Independent learning: Sources restricted to core lecture material with no evidence of wider reading.
Writing skills: Though errors may be few and generally insignificant, answer may be poorly focused on the question, lack rigor and/or consist of a series of repetitious, poorly organised points or unsubstantiated assertions that do not relate well to one another or to the question; borderline competence in English
(some problems of spelling, punctuation and grammar that occasionally obscures comprehension).
30-39% Minimum requirements have not been met.
Scholarship: Inadequate knowledge of relevant material; omission of key ideas/material; significant parts may be irrelevant, superficial or factually incorrect; inappropriate use of some material; mere paraphrasing of course texts or lecture notes; key points barely mentioned; very weak grasp or complete misunderstanding of the issues; inclusion of irrelevant material; does not address the topic or question.
Independent learning: Restricted to a basic awareness or no awareness of course material and textbooks; very meagre use of supporting material or unsupported assertions; use of irrelevant or unconvincing material.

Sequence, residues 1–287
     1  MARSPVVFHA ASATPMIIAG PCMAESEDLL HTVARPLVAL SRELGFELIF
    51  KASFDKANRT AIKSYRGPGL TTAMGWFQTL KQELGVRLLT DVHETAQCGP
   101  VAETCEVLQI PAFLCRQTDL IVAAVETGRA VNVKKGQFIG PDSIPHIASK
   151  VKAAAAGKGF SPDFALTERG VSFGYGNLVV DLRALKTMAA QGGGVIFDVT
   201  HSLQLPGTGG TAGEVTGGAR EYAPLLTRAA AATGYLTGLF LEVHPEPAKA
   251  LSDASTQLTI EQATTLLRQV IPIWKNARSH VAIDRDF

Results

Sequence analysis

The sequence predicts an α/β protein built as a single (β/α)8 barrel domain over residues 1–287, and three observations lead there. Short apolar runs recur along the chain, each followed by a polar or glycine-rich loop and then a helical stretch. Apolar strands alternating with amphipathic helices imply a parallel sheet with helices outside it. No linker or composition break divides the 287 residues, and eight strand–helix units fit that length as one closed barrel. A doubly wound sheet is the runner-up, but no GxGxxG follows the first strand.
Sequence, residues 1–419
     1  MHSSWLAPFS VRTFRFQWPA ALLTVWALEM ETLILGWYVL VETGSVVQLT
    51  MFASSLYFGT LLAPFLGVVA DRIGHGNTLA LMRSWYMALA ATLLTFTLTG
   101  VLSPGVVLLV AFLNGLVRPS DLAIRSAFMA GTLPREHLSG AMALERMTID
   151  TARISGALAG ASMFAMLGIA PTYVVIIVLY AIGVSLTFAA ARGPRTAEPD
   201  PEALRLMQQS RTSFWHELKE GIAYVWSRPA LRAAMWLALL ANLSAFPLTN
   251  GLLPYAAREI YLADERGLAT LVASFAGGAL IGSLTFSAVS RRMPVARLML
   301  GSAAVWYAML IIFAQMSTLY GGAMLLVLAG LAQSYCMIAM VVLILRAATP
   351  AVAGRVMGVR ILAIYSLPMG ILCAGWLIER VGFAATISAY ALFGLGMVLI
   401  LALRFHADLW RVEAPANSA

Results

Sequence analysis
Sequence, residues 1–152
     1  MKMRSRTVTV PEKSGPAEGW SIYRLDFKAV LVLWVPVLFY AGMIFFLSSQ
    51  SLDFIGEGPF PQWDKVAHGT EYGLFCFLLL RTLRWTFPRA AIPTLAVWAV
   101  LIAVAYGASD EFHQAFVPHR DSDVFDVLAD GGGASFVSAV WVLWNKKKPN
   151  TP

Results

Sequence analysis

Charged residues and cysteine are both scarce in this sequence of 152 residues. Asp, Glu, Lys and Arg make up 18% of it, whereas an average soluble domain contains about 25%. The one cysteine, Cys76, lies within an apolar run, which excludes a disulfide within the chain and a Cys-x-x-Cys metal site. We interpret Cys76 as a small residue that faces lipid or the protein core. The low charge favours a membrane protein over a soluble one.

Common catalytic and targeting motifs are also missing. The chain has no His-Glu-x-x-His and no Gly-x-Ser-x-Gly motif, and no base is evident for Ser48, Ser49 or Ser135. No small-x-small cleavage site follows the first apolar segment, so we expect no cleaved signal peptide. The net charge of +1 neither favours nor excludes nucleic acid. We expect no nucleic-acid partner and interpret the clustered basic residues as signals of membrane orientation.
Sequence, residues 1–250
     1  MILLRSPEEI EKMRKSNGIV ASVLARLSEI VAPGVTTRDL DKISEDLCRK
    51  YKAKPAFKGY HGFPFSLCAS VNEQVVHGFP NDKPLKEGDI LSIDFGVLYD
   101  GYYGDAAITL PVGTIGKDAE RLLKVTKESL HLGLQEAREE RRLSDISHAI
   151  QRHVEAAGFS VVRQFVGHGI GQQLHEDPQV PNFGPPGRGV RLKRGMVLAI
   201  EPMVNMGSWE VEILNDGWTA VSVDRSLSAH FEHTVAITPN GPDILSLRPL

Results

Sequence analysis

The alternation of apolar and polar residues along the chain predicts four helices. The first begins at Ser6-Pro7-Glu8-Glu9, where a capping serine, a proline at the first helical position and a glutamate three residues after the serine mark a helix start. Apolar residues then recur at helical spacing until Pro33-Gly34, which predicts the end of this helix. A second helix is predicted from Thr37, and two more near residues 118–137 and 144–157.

Writing skills: Unacceptable use of English (i.e. comprehension obscured by significant and intrusive errors of spelling, punctuation and grammar); poor and unclear, or totally incoherent, structure. Answers that ‘run out of time’ or miss the point of the question may fall into this (or a lower) class.
Analysis: Erroneous analysis with mistakes. Very little attention paid to the underlying principles of the analysis. Far from complete with little relevance to the problem. Limited interpretation that reveals little, if anything, about the meaning